Iron Man 2 tries so hard to outdo its predecessor that much of the magic that made the original film entertaining is left by the wayside in favor of bigger bangs and larger quantities of machine gun-toting robots. The heavy reliance on practical effects made the first feature more realistic and readily believable, resulting in a heightened sense of immediate danger. While the number of computer-generated androids Iron Man must face in his second outing may have increased exponentially, the level of thrills have been reduced by as much. At least Mickey Rourke’s whip-wielding maniac isn’t the silliest aspect of the movie – that honor belongs to the Golden Avenger’s actor-swapping counterpart War Machine.
After revealing to the world his superhero alter ego Iron Man, billionaire playboy and self-proclaimed world peacemaker Tony Stark (Robert Downey Jr.) must continue to contend with his rapidly growing fame and his hot-headed personal assistant Pepper Potts (Gwyneth Paltrow), but now faces several new threats. The U.S. military wants Stark to turn over the Iron Man suit, his competitor Justin Hammer (Sam Rockwell) secretly attempts to match the technology, and a Russian physicist with a vendetta, Ivan Vanko, (Mickey Rourke) plots to kill the industrialist. His old nemeses, booze, narcissism and an enormous ego that attracts assassins at every turn, also arrive. To compound matters even further, Stark discovers he is steadily being poisoned by the arc reactor, the very machine keeping him alive. With time quickly running out, the superhero must find a solution derived from his past while battling against the forces of evil who wish to exploit the mysterious mechanics of the Iron Man.
From the death-defying freefall stunt into the crowded Stark Expo, complete with enthusiastic cheerleaders and fireworks, to the Grand Prix racecar event, to the final showdown with four squads of ironmen, this much anticipated sequel prides itself on trying to outdo the first film. Unfortunately, it fails. Rarely do sequels improve upon the original, and in this case, like the follow-up to Transformers, Iron Man 2 simply gets louder and uses more expensive locations and props. It takes advantage of a loftier budget, but doesn’t manufacture anything creatively unique – the “wow” factor has surprisingly vanished.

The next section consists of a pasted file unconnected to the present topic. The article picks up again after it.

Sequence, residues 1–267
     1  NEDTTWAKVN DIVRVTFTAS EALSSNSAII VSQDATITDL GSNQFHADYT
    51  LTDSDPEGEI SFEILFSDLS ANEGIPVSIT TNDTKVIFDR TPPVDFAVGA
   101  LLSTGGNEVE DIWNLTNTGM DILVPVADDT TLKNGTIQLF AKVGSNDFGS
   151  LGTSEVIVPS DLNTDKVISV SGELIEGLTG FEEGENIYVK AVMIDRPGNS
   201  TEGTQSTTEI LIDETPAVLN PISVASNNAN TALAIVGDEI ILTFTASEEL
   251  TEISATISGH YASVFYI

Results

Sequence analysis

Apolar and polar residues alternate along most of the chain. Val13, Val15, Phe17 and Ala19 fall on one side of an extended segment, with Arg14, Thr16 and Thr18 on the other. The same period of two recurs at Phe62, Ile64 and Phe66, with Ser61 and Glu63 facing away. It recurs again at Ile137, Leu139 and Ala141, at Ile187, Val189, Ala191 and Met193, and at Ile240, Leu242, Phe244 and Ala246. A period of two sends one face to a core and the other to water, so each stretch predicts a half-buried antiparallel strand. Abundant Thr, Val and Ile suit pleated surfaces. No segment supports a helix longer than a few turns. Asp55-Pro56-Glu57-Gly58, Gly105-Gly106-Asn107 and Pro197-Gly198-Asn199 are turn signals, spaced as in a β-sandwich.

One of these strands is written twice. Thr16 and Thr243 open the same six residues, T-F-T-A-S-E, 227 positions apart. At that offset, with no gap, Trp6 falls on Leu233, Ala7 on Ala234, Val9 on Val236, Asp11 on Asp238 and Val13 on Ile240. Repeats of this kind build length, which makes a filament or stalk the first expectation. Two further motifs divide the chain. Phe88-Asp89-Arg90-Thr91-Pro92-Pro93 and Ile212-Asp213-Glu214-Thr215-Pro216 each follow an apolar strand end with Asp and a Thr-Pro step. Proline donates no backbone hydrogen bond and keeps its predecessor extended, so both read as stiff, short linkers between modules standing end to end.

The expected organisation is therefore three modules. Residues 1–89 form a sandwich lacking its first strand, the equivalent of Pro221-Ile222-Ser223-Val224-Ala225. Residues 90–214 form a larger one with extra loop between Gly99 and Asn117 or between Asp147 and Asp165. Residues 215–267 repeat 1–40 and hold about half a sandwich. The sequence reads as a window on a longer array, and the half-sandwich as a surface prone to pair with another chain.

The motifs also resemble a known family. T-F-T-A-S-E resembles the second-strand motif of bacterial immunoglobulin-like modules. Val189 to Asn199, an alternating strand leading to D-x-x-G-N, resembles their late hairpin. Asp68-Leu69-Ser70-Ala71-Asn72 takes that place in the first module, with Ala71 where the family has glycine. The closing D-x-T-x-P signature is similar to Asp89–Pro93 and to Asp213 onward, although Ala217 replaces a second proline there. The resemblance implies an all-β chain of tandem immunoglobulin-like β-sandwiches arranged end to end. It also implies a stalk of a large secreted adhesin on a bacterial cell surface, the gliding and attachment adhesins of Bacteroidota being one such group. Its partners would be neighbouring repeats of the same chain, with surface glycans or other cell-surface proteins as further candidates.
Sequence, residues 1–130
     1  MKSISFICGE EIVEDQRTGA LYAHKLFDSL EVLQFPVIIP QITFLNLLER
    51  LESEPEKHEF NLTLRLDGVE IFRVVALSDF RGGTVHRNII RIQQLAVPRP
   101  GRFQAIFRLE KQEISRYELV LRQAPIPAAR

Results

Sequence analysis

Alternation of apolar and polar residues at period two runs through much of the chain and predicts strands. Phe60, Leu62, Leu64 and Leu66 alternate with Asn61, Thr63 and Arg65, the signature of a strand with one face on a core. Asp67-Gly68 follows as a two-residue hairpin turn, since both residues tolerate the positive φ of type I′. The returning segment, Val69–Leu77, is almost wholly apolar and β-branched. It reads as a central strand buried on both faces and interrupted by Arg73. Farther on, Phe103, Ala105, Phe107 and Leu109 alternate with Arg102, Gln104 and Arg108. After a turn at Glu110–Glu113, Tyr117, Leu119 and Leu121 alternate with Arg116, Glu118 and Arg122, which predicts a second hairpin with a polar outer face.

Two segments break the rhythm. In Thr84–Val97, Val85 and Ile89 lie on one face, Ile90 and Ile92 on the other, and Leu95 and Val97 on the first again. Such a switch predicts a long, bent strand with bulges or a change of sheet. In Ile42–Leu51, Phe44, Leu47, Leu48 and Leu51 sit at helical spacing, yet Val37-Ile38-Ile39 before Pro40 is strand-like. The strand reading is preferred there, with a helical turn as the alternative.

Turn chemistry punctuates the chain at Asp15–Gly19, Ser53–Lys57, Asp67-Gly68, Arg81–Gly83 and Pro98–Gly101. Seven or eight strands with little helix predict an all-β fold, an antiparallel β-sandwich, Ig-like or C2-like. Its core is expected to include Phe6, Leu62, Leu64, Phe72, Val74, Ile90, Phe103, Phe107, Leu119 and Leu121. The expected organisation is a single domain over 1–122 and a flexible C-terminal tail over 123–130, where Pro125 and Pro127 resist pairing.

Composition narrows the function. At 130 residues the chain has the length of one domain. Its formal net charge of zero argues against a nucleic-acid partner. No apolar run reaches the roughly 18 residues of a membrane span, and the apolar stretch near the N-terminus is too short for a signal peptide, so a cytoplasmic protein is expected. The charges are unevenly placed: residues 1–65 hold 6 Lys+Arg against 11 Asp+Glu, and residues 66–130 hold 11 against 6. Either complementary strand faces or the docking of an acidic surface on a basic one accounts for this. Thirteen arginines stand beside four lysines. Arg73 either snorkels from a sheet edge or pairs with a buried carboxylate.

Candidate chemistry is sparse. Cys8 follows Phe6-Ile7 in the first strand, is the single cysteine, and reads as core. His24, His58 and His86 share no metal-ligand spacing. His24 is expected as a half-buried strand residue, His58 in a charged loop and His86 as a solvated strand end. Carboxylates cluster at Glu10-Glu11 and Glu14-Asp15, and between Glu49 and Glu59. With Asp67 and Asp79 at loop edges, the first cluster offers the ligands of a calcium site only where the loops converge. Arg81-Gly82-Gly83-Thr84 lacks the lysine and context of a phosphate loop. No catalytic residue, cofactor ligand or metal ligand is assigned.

“With no power comes no responsibility.” That quote comes from Kick-Ass, but it’s appropriate here. In a fleeting moment of realism, the government tries to step in and confiscate Stark’s weapon; what follows is a circus, a farce of procedure and power, demonstrating a completely conflicting message. The film goes on to exaggerate situations to the point that it’s clear the filmmakers no longer wish for Iron Man to be grounded in reality. When Tony gets involved with The Avengers, creates a new element, and utilizes his computer system “Jarvis” (voiced by Paul Bettany), the fine line between the believability of a character like Batman versus Iron Man is radically distanced. Neither one is supposed to possess any real superpowers.
Director Jon Favreau gets his own fight scene, Rourke manages to have a toothpick in his mouth 24/7 (even after a short prison term), Scarlett gets oodles of close-ups, Iron Man’s suit is now reminiscent of a Transformer, and Rhodey has undergone a complete transformation. It’s only the second movie and they’ve already run out of interesting villains, resorting to a cross between original comic book baddies and just another guy in an Iron Man suit, almost identical to the disappointing antagonist in the first film. At least Iron Man 2, in a move similar to altering the X-Men’s costume colors, dispenses with actually naming Ivan “Whiplash” or calling Natalie Rushman (Johansson) “Black Widow.”
– The Massie Twins (GoneWithTheTwins.com)